Major League Lawn Care
Hall of Fame groundskeeper Steve Wightman shows you how to get your grass ready for baseball season
The grass is always greener on the other side of the fence. At least at Major League ballparks. But when you have a head groundskeeper like Steve Wightman. As the longtime Head Grounds Manager for Mile High Stadium in Denver and Jack Murphy Stadium in San Diego, Steve has had to keep playing surfaces pristine for everything from Super Bowls to MLB All-Star and World Series games and even a World Cup. That’s why he was recently inducted into the Sports Turf Managers Association Hall of Fame, one of only 10 Major League Baseball groundskeepers to receive the prestigious honor. To help us get our lawn ready for spring training, Steve gives us a master class in grass.
What’s the number one mistake people make when it comes to their home lawn?
Probably thinking that it’s going to look perfect all the time, which it’s not. But agronomically, people don’t aerify their lawns, hardly ever. It’s something that should be done once a year to provide less compacted soil, which is the purpose of it. Turf grass needs oxygen, as much as it does water, to thrive. Some of the home lawns in the neighborhoods that I have lived in, people just do not aerify it enough in order to reestablish good drainage through the soil profile.
Is aerifying a complex process?
No, it just requires a special piece of equipment that can be rented. Back when I had a yard big enough to have some grass, I’d go down and rent an aerifier for half of a day. The process doesn’t take very long. It’s a specialized piece of equipment, but it’s not one you have to have in the garage. That will help your lawn more than anything else. You should do it once a year, and even more so if it’s a high traffic area.
For those of us who aren’t home a lot or are just plain lazy, are there certain types of grass that are easier to maintain?
If you live in Southern California, Florida, the warmer climates, Bermuda is the turf grass of choice. But even in Southern California, those grasses will go dormant in the winter time. The Bermuda grasses typically take a lot more care and management than the cool season grasses. The species and variety of grass certainly makes a difference. In most home lawns, unless you live in South Florida, which is the warmest part of the country, most likely you are going to have cool season grasses. Because these perform during the summer months, they then go dormant to protect themselves, which means they start turning brown. But I’d say maybe 95% of the country can go with cool season grasses and have green grass year round in the warmer climates. When I lived in Colorado, we all had cool season grasses because warm season grasses wouldn’t survive the winter.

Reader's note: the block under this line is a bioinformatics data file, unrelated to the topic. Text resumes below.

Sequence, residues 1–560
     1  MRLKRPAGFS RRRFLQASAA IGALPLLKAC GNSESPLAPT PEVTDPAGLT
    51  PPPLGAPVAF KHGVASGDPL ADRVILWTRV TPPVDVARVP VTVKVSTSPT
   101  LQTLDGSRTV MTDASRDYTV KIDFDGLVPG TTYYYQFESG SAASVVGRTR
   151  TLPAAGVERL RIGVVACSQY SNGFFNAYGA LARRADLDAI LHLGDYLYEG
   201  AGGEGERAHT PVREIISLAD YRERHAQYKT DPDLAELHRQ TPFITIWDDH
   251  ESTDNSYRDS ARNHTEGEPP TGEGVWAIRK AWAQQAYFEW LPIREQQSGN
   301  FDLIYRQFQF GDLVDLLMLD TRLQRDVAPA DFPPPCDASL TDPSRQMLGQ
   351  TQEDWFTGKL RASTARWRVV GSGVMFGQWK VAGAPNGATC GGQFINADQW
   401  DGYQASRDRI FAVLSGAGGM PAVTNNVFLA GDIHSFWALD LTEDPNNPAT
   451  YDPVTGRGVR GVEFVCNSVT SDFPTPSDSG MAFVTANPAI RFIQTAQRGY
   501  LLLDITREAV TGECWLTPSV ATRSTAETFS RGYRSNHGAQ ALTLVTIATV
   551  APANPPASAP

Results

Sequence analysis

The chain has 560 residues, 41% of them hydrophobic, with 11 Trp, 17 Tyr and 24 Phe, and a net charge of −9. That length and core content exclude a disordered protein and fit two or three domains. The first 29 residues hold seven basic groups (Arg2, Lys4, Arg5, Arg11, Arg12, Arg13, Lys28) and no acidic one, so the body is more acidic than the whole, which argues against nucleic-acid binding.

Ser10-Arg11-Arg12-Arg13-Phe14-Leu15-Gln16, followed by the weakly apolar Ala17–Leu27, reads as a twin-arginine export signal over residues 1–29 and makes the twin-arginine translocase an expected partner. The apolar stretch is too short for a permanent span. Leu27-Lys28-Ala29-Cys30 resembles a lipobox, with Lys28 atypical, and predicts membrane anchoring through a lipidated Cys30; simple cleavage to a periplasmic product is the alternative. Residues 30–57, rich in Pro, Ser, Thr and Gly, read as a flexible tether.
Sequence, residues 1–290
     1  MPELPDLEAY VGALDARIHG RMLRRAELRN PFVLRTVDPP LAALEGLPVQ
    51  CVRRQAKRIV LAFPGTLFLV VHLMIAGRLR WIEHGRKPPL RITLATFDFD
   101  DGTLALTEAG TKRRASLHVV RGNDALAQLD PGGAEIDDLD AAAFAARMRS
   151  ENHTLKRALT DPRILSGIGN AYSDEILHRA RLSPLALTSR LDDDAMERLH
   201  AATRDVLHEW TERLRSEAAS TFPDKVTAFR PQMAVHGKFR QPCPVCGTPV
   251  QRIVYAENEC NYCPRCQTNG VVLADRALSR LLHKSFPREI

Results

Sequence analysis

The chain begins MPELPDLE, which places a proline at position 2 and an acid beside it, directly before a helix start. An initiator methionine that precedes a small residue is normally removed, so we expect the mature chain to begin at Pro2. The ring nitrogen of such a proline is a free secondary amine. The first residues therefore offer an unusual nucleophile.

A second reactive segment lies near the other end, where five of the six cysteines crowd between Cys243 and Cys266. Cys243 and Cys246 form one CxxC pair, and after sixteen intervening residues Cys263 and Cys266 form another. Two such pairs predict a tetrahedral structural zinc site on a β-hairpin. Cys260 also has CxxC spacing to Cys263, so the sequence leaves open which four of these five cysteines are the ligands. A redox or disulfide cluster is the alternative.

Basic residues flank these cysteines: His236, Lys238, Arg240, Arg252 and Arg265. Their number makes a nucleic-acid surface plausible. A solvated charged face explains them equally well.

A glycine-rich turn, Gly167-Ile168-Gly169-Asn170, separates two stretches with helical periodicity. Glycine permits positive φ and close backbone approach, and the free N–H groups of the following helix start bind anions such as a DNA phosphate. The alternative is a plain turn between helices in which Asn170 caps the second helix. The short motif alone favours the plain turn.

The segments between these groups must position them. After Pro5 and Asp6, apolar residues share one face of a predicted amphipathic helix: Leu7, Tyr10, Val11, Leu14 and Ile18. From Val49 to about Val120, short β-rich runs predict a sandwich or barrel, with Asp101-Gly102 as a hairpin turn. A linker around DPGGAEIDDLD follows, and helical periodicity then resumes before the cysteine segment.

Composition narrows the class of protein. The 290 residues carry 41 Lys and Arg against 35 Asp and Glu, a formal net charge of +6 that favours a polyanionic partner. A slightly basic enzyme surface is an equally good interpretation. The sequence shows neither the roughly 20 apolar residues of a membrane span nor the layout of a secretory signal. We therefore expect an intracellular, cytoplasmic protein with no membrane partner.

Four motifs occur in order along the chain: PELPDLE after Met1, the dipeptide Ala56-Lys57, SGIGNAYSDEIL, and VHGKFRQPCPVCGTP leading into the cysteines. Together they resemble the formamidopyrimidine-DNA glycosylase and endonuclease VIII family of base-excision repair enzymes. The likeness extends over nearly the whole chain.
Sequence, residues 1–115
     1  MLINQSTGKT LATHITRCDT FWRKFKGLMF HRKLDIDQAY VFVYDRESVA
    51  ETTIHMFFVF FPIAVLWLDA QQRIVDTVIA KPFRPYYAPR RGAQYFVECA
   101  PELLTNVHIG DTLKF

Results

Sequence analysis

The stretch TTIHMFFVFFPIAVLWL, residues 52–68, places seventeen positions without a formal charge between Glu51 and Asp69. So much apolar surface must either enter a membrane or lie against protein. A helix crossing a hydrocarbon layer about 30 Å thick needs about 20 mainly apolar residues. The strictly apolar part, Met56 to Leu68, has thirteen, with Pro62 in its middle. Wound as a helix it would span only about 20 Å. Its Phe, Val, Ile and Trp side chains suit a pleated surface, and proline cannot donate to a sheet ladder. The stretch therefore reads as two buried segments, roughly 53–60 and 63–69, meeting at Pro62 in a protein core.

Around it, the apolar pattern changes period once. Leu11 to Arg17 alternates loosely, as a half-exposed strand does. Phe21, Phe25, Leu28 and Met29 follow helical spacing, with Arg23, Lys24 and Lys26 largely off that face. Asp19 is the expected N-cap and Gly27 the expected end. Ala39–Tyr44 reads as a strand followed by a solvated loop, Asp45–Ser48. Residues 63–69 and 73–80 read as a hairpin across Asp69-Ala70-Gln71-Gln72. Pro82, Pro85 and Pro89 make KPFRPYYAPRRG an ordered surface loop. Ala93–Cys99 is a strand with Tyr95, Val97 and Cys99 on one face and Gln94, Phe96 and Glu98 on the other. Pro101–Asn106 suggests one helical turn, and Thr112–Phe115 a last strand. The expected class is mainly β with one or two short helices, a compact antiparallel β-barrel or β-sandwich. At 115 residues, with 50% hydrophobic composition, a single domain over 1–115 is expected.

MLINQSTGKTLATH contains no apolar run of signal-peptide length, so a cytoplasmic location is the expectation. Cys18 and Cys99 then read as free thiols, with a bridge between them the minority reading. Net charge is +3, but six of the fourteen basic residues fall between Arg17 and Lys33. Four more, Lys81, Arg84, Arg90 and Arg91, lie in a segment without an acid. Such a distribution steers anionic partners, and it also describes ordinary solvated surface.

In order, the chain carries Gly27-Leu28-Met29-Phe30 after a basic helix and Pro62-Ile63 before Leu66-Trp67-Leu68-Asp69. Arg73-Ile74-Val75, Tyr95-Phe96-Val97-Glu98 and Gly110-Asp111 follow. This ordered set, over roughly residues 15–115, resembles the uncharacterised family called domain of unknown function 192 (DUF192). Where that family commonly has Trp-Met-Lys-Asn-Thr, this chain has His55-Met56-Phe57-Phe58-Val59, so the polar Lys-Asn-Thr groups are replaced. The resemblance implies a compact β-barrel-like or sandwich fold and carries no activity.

Are there types of cool season grass that are most popular?
The three most common make up about 95 % of home lawns. Kentucky bluegrass is a cool season grass that probably has the best green color of all of the grasses, including the Bermudas. It’s the grass I had in Denver when I lived there. You also have Perennial ryegrass, which is another cool season grass that marries pretty well with Kentucky bluegrass. And then you have the turf-type tall fescue. Those three grasses are the most popular for home lawns anywhere, especially the colder climate areas.
How challenging is it to be a groundskeeper in a place like Denver, where the weather can either be 100 degrees or freezing?
Denver had four very different climates throughout each year. Each season was significantly different Here in San Diego, you basically have spring and summer year round. The challenge in Denver was making sure that whatever grass you have is prepared for the dormant winter months. Certain diseases come in if it the turf doesn’t have a snow cover during the winter months. When springtime comes, its difficult for the grass to grow out of that. It would require some pesticide applications. Colder climates are definitely more of a challenge.
What challenges do you have that are unique to being a groundskeeper?